Adapting to future needs.

Is 3D game design the future?

Hollywood has already begun to capitalize on 3D technology with a string of big-budget blockbusters, including hits like “Avatar” and “Resident Evil: Afterlife.” With the film industry’s many parallels to the video game industry, it should come as no surprise that video game developers are also considering 3D technology as the next big moneymaker in their industry.

The best video games are already intense entertainment experiences with high-definition graphics, motion-sensitive controls, and wide-screen television screens, and the introduction of 3D technology promises to make the gaming experience out of this world. Any hardcore gamer will enjoy all the explosions and fight scenes from their favorite games in full three dimensions.

However, 3D games can be expensive for the consumer. While electronics manufacturers are rolling out 3D TVs, 3D TVs are often expensive and many people can’t afford them, especially so quickly after high-definition sparked a series of TV upgrades. This is something that developers should keep in mind when planning their approach to 3D game design.

The top three console makers have already established three very different approaches when it comes to 3D gaming. Sony has already released software changes that will allow 3D games for the PlayStation 3 console. Perhaps this is due to the fact that Sony is set to launch its own range of 3D televisions.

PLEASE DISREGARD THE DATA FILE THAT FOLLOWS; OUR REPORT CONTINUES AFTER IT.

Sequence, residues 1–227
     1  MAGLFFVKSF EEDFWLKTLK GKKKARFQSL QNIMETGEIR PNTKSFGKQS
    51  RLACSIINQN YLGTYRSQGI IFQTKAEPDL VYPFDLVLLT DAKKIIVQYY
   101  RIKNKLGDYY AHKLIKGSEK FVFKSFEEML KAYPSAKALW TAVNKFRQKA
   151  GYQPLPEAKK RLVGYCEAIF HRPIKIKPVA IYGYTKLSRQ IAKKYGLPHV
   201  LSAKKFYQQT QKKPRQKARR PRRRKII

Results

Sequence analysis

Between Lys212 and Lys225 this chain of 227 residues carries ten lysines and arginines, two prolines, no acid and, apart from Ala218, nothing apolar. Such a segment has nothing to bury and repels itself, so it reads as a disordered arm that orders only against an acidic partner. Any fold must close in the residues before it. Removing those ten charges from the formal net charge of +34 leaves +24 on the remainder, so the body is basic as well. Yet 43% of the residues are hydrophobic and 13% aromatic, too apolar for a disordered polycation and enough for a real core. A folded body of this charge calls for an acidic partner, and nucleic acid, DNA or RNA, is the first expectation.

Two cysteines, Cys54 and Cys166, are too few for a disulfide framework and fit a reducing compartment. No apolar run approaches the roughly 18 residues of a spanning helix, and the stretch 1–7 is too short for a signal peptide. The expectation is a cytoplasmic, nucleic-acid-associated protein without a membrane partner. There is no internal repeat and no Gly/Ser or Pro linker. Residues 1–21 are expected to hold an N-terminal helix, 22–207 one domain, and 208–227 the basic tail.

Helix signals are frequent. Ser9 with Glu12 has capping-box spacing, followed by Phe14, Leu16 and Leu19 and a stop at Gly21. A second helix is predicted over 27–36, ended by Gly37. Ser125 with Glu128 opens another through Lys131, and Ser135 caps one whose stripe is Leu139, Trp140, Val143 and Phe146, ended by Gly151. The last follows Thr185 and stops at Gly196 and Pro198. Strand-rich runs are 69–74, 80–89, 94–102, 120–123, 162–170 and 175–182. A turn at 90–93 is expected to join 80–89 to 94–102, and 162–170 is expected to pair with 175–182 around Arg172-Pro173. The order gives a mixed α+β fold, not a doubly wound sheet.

Microsoft, however, is taking a wait-and-see approach. Microsoft Game Studios executive Phil Spencer says that “people just don’t have televisions in their homes right now that are going to do 3D in a way that works.” For this reason, Microsoft issued a statement saying that although the Xbox 360 is capable of delivering a 3D gaming experience, they intend to wait until the time is right before moving forward with any 3D game programming initiative to the console. He also believes that 3D game design cannot evolve until there is no need for 3D glasses, which is why Microsoft continues its research and development before making any major 3D releases. However, there will be 3D versions of some Xbox 360 games. For example, Batman: Arkham Asylum, was released with 3D glasses in the box. Releases like this could work as a kind of video game test for Microsoft to see if there is enough public interest in 3D games.

Nintendo is taking a completely different approach, releasing a handheld 3D game console with its new “3DS” console, due for release in early 2011. Nintendo may have hit gold with this move, as (unlike the Sony 3D technology) the Nintendo 3DS will not require the use of 3D glasses or the purchase of an expensive 3D TV. This effectively removes two of the main obstacles faced by other game companies trying to bring 3D technology into the mainstream. It seems that Nintendo has a knack for predicting new technology trends, as they were also the pioneers in designing motion-sensitive games with their Wii console.

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